We’ve covered and emphasized and delved into the whys of good book cover design for the individual book. But what about your second or third book? Even though you attracted readers to previous books, you can’t slack off on the book cover design, hoping your name or your series’ popularity will carry you along. But even if the design from book cover to book cover is solid, completely changing your cover from the first book to the second could confuse the reader. They may start second guessing, asking questions such as “Is this the same author as last time?”, “Uh oh. I hope this book has the same stuff I liked in the previous book.”
When readers buy a book with your name on it, they are counting that the book is the same, if not higher, quality than what they enjoyed the first time. One subconscious way you can hint, “Hey. You liked this book. This one is even better!” is through consistency in design throughout the series. That’s when you start investing in something called branding: giving your book covers a cohesive identity that spans across your entire series.
Even if it’s not the same series, you always know what to expect in a Nicholas Sparks novel.
Now, the Nicholas Sparks example doesn’t mean that you need to make every book you ever write look similar. If you write a fantasy trilogy, then move to writing investigative non-fiction, you actually don’t want your books to look eerily similar (see: Designing by Genre) because it will hurt attracting new readers.
So instead you’re working on keeping your series’ book covers recognizably consistent while still distinct from one another. What should change? What should stay the same?
Keep the same fonts, same sizes, and even same general placement. If your title is on the top and your name on the bottom, try to keep it like that. For that matter, you should keep that in mind when figuring out the imagery from book to book. If you are commissioning an illustration, give that information to your artist so they know to allow enough space so you can keep your books consistent.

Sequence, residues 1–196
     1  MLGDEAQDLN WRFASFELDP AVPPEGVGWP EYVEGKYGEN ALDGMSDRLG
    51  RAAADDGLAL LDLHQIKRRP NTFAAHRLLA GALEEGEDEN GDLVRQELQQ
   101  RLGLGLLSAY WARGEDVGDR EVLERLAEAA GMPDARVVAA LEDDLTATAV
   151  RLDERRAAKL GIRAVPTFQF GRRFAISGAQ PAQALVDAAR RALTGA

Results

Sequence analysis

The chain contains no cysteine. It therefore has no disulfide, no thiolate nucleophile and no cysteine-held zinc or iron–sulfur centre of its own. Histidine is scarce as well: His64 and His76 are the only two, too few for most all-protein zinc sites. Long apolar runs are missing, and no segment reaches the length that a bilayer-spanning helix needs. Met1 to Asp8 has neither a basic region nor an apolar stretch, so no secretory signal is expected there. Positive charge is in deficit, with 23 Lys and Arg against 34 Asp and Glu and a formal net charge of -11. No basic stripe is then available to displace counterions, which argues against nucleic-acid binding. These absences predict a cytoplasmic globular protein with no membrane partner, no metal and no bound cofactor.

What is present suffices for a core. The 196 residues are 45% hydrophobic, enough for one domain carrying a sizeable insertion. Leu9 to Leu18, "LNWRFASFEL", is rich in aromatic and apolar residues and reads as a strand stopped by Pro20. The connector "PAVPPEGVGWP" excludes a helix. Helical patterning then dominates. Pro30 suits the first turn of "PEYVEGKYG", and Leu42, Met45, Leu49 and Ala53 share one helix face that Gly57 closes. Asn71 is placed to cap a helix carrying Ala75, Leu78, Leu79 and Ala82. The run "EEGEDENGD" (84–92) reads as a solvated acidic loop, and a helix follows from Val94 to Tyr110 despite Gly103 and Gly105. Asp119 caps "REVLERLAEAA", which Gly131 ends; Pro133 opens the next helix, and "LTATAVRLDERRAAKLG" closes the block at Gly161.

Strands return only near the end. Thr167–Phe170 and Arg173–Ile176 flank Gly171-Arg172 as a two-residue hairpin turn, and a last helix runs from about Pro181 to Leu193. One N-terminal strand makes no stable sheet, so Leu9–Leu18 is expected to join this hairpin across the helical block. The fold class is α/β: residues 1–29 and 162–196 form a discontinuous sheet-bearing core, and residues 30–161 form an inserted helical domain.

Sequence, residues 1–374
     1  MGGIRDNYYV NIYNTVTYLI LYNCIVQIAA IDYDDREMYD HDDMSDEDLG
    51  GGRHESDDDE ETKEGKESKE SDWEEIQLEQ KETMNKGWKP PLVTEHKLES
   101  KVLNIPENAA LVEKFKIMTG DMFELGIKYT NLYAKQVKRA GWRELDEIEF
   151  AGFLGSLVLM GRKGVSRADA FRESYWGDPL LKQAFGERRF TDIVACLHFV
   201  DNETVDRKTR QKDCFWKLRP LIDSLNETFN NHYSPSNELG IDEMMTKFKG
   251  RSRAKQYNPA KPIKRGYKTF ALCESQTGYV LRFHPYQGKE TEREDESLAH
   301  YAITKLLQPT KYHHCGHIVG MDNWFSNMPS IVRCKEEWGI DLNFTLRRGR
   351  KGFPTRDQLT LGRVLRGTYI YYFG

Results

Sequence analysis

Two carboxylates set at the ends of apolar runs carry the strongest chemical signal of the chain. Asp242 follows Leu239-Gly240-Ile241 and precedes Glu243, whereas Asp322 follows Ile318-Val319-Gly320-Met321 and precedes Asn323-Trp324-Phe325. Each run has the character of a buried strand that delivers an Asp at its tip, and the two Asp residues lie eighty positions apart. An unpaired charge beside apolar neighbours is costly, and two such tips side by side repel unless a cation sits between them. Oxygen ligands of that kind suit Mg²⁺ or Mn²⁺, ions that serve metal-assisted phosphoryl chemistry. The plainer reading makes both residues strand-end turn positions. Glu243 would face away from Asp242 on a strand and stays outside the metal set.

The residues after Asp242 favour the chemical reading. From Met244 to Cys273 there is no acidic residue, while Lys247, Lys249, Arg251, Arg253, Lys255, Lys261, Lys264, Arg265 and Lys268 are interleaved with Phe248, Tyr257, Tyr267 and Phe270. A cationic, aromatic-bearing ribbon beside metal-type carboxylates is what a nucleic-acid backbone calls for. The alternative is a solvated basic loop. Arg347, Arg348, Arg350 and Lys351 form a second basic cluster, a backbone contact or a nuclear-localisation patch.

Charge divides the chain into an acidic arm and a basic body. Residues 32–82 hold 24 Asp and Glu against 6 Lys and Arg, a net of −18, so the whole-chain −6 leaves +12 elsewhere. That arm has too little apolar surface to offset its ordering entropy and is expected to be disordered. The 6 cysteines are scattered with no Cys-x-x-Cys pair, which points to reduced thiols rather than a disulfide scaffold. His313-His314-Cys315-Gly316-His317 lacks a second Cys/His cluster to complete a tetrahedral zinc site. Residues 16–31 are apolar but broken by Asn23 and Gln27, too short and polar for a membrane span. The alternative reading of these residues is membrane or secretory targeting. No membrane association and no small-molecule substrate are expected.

Don’t have different styles from cover to cover. (See the types of covers to choose from). Even if your first book was so successful you now have the budget to afford the best artist in the world, don’t change the style. This applies especially to illustration. If you aren’t able to get the same illustrator, find someone who can replicate that style. Or rebrand your series completely so they match.
Also, if you suspect you will be writing more than one book in the series, start thinking of imagery that can carry over multiple books. Think about shapes. Think of camera shots (close ups, wide shots, etc). The Hunger Games books are an excellent example of cohesive imagery. Once you’ve seen one book, you immediately associate it with the other books.
Depending on what you decided for your imagery, color can be crucial to your series branding. While the Hunger Games example above changes most of its colors from book to book (except for the white lettering), series like Twilight rely extensively on its color choice. All the Twilight books feature dark red and white. The imagery might change, but as long as its keeping the same color background and striking red and white color scheme, you can still tell they belong in the same series.
Actual design aside, which edition of The Nanny Diaries says “We belong on the bookshelf together”?
By considering these factors when designing the books in your series, you can develop a strong identity and branding for your series as a whole. When you do that, your book covers work in harmony, showing a potential reader that they can trust you; if they invest time in your books, they’ll walk away for the better.